A complete guide to business credit cards
Using a business credit card responsibly can help you build a solid business credit history, efficiently manage business expenses and earn rewards for spending money.
What is a business credit card?
Similar to a personal credit card, a business credit card will have a set credit limit and a monthly APR that is applied to any borrowing that isn’t paid back by the payment due date.
A business card can be used to pay for all business related expenses such as travel costs, office supplies, business lunches or mobile phone bills; it cannot be used for personal expenses.
A card can also help with your business’s cash flow - say, when a customer is late paying an invoice.
How does a business credit card work?
A business credit card works by allowing you to use credit (this can be more credit than you would access on a personal credit card) to solely make business related purchases.
You can opt to pay anything from the minimum payment up to the whole balance - there is a longer grace period for repayments on business cards, typically from 45 to 59 days.
Many cards offer rewards on purchases which are often points that can be converted and used for travel or accommodation costs, or cashback credited to your account. (Note: Some rewards cards charge annual fees.)
If you have employees, they can have a card issued in their individual name(s) so you can easily keep track of their business expenses.
Is it worth having a business credit card?
A business credit card can be worth having if you:
- Want to build a solid credit history for your business with a view to gaining access to cheaper borrowing in the future
- Want to borrow money for your business but are struggling to get a loan; it’s easier to get a business credit card than it is to get a business loan
- Want more control over your cash flow and have something to fall back on when needed
- Want more borrowing flexibility than a business loan can offer
- Have employees who claim expenses and you want to efficiently keep track of these
- Want to avoid collating fiddly receipts or invoices and instead use a credit card statement to clearly and separately show your business expenses for tax relief/accounting purposes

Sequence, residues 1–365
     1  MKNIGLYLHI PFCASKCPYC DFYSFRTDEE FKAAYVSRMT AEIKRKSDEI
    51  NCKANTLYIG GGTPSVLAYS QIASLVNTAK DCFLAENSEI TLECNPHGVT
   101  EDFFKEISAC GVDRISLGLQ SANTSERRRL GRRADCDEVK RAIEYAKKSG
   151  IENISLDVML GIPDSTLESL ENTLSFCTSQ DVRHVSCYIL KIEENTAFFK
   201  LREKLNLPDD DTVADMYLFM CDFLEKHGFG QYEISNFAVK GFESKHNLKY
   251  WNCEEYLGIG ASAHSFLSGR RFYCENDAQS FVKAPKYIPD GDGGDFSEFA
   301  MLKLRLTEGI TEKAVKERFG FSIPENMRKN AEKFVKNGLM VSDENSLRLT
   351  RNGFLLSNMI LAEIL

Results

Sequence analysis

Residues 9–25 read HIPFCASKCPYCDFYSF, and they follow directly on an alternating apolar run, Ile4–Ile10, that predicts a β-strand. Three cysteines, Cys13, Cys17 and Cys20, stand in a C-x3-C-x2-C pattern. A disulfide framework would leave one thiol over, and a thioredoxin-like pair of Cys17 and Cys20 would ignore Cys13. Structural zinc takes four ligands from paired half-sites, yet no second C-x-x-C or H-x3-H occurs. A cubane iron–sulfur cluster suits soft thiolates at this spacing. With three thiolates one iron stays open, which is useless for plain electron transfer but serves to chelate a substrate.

The disadvantages to using or applying for a business credit card are:
- Some cards have annual fees
- The APR will be higher than a loan’s interest rate
- More stringent eligibility criteria: a good credit rating is essential
- Applying can impact your credit rating
- A low credit limit (especially if it’s your first card or for a start-up business)
- Card purchases are not covered by Section 75 of the Consumer Credit Act
You might like: 7 reasons for getting a credit card
Business credit cards eligibility
- You are a UK-based and registered as a sole trader, partnership/LLP or limited company
- You and any other intended business users are over 18 and resident in the UK
- You have a strong credit history and financial standing
- Most lenders require you to be an existing customer
- Some lenders require a minimum turnover (for example, a £10k turnover)
- Some lenders require a minimum trading term (for example, 3 months)
- Startup business credit cards tend to have stricter eligibility criteria, a lower spending limit and higher APR. Some providers, such as Capital On Tap, specifically offer startups business credit cards but only to limited companies, not to sole traders or freelancers. However, other lenders like NatWest do offer sole traders a start-up credit card so shop around and compare cards before applying.
Is your credit score checked when you apply for a business credit card?
Yes, as part of their vetting process, a lender will conduct a credit check when you apply for a business credit card.
If you have little or no business credit history, a card provider will check your personal credit score and history for adverse credit (and, if applicable, other director(s)’ or partner(s)’ personal credit scores and histories too).
You might also want to read: What does adverse credit mean?
What credit score do you need for a business credit card?
A good credit score alone will not guarantee a successful business credit card application as this is only one part of the overall eligibility criteria. However, your credit rating is pretty important.
What credit score you need for a business credit card will depend on whether your application is based on a personal credit score or a business credit score: